The commute downstairs: working from home not always best

The commute downstairs: working from home not always best – Work

Colin Allen

Working from home may not be as great as you think. A new study has found that people who work from home are not always happier than those who keep work locked in the office. They are likely to work longer hours and end up with more family conflict.

Ellen Kossek, Ph.D., a professor of labor and industrial relations at Michigan State University, surveyed nearly 400 employees from a variety of companies for one year. She found that people who only work in the office spent on average 43 hours a week doing their jobs. Employees with home offices spent 45 hours per week at their jobs. And those who worked from three places–for example, teleworking from a cafe in addition to the home and office–spent an average of 52 hours per week on the job.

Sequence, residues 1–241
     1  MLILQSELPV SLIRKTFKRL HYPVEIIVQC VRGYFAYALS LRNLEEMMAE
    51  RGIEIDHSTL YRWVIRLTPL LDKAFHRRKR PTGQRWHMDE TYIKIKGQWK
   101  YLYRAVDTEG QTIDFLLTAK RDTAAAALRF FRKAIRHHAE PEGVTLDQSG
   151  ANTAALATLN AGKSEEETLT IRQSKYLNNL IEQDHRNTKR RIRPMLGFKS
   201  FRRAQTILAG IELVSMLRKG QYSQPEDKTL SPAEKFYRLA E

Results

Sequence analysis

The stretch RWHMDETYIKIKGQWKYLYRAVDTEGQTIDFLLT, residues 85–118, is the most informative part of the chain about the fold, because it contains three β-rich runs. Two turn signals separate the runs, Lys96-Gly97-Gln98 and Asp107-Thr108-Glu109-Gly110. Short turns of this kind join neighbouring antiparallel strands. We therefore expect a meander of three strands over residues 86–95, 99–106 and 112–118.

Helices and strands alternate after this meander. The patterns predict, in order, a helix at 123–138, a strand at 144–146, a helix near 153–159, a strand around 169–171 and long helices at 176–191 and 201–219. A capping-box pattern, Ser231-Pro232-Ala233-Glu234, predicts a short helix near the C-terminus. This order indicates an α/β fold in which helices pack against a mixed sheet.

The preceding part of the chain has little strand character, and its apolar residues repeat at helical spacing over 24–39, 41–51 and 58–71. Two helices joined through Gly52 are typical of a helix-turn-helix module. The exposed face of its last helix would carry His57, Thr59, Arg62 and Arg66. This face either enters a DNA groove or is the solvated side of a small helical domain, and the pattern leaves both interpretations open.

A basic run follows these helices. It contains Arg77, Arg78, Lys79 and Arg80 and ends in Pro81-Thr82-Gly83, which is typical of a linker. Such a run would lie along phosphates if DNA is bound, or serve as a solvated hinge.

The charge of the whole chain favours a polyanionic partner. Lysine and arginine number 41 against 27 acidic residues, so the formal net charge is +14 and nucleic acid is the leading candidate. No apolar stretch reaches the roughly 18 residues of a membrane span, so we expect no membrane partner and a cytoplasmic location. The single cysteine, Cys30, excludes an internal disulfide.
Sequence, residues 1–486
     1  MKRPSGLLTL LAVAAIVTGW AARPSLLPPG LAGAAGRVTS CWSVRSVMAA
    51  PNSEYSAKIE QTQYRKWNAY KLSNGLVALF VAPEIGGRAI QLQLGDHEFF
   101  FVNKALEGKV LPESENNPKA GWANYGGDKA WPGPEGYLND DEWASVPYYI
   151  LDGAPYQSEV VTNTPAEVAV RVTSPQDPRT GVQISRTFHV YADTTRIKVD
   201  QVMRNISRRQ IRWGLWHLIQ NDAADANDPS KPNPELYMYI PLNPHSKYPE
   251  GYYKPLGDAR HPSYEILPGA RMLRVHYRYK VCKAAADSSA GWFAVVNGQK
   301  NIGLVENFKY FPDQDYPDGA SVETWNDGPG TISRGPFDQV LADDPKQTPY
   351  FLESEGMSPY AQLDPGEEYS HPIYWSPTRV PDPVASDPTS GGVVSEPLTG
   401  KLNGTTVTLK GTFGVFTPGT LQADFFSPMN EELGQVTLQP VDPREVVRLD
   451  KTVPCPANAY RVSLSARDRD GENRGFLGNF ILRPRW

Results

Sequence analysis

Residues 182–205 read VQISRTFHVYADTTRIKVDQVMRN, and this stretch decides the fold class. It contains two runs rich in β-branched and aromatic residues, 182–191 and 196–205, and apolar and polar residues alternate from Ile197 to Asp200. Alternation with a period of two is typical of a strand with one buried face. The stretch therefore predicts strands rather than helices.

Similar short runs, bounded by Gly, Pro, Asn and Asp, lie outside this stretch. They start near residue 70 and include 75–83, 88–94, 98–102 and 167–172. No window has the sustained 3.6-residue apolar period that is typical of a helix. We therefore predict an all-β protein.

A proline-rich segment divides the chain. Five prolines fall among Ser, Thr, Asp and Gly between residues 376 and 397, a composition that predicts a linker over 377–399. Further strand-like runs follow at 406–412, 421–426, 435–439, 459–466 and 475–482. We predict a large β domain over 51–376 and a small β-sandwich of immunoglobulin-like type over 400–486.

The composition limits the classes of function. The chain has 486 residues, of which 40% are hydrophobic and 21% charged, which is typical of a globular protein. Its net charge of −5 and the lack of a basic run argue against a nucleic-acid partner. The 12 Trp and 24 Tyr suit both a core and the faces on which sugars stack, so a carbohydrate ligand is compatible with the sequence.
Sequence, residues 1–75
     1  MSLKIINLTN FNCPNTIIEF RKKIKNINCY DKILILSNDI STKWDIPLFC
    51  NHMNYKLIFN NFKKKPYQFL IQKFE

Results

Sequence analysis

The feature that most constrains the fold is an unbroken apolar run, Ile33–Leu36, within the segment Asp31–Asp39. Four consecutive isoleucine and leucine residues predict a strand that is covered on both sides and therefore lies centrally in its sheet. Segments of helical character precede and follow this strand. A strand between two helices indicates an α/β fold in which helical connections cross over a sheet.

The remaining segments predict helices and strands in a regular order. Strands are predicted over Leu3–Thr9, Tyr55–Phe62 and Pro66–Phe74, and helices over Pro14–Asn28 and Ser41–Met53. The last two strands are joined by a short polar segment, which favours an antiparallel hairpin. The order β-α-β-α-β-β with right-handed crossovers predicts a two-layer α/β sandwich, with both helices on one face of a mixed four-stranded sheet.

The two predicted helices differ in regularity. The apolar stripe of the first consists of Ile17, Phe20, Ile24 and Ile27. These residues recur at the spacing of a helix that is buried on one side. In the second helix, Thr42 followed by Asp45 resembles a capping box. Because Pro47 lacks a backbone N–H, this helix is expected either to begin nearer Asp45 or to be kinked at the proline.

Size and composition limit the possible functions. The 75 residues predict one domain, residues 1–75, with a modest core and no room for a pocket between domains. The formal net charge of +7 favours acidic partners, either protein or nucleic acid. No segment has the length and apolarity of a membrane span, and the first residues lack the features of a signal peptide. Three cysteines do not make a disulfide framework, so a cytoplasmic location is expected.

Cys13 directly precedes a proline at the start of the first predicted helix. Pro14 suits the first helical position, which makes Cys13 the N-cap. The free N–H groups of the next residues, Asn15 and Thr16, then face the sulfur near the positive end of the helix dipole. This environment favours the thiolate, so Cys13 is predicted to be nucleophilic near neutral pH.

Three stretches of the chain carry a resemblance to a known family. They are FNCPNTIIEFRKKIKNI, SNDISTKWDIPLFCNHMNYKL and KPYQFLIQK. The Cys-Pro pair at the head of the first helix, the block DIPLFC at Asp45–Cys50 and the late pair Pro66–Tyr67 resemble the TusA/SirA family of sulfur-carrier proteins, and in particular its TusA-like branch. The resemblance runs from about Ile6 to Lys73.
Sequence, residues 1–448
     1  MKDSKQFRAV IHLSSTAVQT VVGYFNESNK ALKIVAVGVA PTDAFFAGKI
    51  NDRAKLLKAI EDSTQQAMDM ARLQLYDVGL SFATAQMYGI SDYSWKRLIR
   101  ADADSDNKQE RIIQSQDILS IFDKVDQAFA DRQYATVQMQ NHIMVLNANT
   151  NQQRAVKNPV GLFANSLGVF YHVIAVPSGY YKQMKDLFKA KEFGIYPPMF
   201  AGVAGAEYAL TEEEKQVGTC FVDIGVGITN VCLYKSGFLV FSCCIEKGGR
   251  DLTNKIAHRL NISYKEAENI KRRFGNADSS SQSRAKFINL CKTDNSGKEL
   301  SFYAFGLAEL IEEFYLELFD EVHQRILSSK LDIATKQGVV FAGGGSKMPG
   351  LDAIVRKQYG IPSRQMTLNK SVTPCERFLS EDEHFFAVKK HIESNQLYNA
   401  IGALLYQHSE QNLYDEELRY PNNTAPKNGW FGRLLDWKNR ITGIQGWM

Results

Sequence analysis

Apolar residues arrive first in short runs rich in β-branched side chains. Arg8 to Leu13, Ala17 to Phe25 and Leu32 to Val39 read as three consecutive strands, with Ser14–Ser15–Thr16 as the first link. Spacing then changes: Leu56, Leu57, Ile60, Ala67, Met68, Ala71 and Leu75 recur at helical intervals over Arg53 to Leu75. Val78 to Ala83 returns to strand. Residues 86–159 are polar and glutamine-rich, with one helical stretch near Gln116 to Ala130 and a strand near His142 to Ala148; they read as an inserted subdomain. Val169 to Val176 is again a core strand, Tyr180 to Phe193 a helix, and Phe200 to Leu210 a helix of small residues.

The blurring of the boundaries between work and home is here to stay, says Kossek, so it’s important that we learn to manage it. She does not recommend that companies drop work flexibility. Instead, she suggests that out-of-office workers try to establish a strong divide between work and family life.

COPYRIGHT 2003 Sussex Publishers, Inc.

COPYRIGHT 2003 Gale Group